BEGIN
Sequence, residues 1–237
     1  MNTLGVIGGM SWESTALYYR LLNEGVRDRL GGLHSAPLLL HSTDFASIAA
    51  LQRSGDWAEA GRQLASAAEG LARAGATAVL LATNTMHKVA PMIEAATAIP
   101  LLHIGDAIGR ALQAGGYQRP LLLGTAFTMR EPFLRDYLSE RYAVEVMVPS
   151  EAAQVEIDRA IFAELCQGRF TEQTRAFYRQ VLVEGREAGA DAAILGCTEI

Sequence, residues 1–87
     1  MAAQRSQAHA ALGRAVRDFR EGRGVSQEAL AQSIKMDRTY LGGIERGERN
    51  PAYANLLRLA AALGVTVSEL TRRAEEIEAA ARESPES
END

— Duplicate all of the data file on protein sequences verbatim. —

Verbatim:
Sequence, residues 1–237
     1  MNTLGVIGGM SWESTALYYR LLNEGVRDRL GGLHSAPLLL HSTDFASIAA
    51  LQRSGDWAEA GRQLASAAEG LARAGATAVL LATNTMHKVA PMIEAATAIP
   101  LLHIGDAIGR ALQAGGYQRP LLLGTAFTMR EPFLRDYLSE RYAVEVMVPS
   151  EAAQVEIDRA IFAELCQGRF TEQTRAFYRQ VLVEGREAGA DAAILGCTEI

Sequence, residues 1–87
     1  MAAQRSQAHA ALGRAVRDFR EGRGVSQEAL AQSIKMDRTY LGGIERGERN
    51  PAYANLLRLA AALGVTVSEL TRRAEEIEAA ARESPES